Friday, 24 February 2017

Wigan to Burscough (February 2017)

It has been a while since my Dad and I last walked on the canal.  We had to wait until Leeds schools' February half term to continue our adventure from Wigan to Burscough.  We got up very early to catch our train to Wigan, changing at Manchester Piccadilly, and to our pleasant surprise we were able to sit together as we anticipated 'standing room only' trains because of the rush hour.  On arrival in Wigan we had a spot of breakfast at the Station Cafe across from Wigan Wallgate station.

Henhurst Bridge and Lock 86, Leeds and Liverpool Canal, Wigan
Start of our walk

Wigan Pier Quarter

We picked up where we left off last time at Henhurst Bridge and started our walk.  We walked through the Wigan Pier Quarter and the outskirts of Wigan passing more locks and the JJB stadium, home of Wigan Warriors Rugby League and Wigan Athletic football teams.

Crooke, a pleasant canal side village, Leeds and Liverpool Canal

We reached Crooke, a pleasant canal side village and once a busy area for coal mining and we stopped for a short break.  The pub wasn't opened so we sat in the beer garden admiring the ducks and older barges.  The barges remind me of the Leeds and Liverpool Society's Kennet when it led the flotilla for the canal's Bicentenary celebrations last October.

We continued and walked alongside the River Douglas which section served as a navigation and originally linked to the canal.  It's a scenic area with plenty of walking trails - we saw a number of walkers with their dogs.  We passed Gathurst, where the river navigation used to begin between Gathurst and Wigan and was part of the canal, and we saw remnants of this.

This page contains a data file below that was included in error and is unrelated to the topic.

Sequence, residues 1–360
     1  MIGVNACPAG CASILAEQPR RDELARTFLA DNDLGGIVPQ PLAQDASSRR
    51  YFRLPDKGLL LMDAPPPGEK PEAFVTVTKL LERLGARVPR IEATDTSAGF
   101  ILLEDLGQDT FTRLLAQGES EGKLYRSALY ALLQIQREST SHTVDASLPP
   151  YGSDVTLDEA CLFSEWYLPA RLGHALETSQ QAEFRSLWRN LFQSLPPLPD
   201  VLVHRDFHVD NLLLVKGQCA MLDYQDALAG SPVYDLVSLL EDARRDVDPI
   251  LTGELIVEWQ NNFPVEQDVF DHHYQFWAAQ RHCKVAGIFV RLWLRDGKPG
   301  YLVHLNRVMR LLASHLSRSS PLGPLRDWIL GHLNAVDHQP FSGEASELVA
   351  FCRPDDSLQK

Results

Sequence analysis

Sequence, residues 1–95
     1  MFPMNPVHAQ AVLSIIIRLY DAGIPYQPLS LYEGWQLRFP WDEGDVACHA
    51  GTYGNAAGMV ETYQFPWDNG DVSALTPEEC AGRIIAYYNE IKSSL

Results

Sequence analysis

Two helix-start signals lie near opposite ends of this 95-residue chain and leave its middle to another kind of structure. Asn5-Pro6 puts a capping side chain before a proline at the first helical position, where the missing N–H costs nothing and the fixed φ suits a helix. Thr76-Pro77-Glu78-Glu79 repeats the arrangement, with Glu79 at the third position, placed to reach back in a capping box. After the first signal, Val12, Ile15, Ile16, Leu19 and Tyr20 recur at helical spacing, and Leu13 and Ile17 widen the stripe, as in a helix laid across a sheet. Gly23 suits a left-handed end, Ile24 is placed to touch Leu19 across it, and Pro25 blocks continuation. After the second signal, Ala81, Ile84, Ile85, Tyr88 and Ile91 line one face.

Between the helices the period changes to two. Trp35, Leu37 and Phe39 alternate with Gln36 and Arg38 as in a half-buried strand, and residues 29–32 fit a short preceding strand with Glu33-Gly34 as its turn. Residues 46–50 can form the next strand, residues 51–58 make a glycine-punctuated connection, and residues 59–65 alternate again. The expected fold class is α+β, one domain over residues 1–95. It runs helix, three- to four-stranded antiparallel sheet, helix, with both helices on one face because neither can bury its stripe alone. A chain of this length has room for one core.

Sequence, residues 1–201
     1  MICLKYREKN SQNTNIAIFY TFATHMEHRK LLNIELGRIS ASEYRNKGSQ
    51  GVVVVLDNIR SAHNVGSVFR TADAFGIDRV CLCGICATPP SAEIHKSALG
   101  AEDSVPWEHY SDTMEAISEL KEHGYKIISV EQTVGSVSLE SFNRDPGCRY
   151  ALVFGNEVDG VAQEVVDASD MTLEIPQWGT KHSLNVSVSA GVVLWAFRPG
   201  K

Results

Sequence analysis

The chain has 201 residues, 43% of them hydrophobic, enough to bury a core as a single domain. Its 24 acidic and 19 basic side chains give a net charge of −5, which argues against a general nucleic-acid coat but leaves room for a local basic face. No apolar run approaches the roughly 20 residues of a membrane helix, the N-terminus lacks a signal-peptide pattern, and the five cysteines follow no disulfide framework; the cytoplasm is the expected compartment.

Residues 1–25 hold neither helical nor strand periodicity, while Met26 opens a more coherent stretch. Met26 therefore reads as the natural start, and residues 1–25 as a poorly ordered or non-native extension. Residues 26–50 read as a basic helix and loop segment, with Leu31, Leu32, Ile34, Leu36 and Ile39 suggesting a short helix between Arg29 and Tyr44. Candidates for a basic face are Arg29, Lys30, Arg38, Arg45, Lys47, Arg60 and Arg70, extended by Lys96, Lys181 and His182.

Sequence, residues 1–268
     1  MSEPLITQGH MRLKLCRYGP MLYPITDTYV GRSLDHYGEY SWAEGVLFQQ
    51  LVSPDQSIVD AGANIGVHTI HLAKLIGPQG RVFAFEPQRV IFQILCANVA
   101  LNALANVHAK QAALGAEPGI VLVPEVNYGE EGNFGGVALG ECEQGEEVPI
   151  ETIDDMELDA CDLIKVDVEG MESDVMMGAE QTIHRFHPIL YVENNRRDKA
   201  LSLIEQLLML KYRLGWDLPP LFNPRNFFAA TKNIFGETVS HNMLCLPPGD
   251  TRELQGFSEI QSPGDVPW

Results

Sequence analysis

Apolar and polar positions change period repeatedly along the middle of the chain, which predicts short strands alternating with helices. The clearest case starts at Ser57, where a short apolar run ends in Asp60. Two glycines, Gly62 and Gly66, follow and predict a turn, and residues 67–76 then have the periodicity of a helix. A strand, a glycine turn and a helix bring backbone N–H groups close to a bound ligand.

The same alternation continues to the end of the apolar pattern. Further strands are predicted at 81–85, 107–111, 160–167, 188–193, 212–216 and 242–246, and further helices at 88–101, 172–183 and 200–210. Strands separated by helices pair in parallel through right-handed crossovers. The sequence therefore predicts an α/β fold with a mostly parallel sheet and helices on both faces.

Narrow boat "tea room", Gathurst, Leeds and Liverpool Canal

A highlight for me was seeing a narrow boat tea room which was closed, unfortunately.  It would have been nice to have a cuppa and cake inside but probably opens only in the cruising season.  

We had a scheduled stop at Appley Bridge - we visited The Boat Inn, an eclectic pub with contrasts ranging from very modern music to old and traditional wood panelling.  The place was very quiet (we were the only customers) and it must have changed hands recently as it used to be called the Sams Country Inn according to our map.

After a drink we sat on a canal bench besides the bridge and had our lunch.  A swan must have known as it was waiting for us!  Others joined in but didn't get much from Dad's sandwich - we are advised to not feed them bread but sweetcorn, peas or seeds instead.  I will need to bring a supply of the recommended food on my next walk.

View of the Leeds and Liverpool canal from Lock 91, Appley Locks 

Parbold, Leeds and Liverpool Canal

Passing the final lock (Lock 91 - Appley Locks) we walked through some very scenic West Lancashire countryside before we reached Parbold.  Parbold's noticeable building must be the windmill building which is now an art gallery...the village has a railway station and caters for its villages, walkers and boaters with its shops, pubs, restaurants and moorings.  There is a nice atmosphere to the place...unfortunately we didn't have time to explore but we hope to one day in the future.

We noticed a concrete pillar box between Parbold and Burscough which must have been used during the 2nd World War.  We then ready for our scheduled stop at the recommended Ring O'Bells.  The pub didn't disappoint and we enjoyed having a drink there.  It is a family/dog friendly pub which offers food as well as a wide range of drinks.  There are moorings besides the pub where boats can stop,moor up and visit.

Leeds and Liverpool Canal Rufford Branch

Approaching Burscough

It wasn't far to Burscough (probably just a mile or so or less) so we ambled along the canal passing the junction for the Rufford Branch (another walk I plan to do soon).  We 'signed off' at Burscourgh Bridge and walked down the main street to the station for our overcrowded and claustrophobic two carriage train back home via Huddersfield.   A great day out...only 24 miles or so left before we reach Liverpool! It's a lovely feeling walking over a 100 miles* so far on this canal!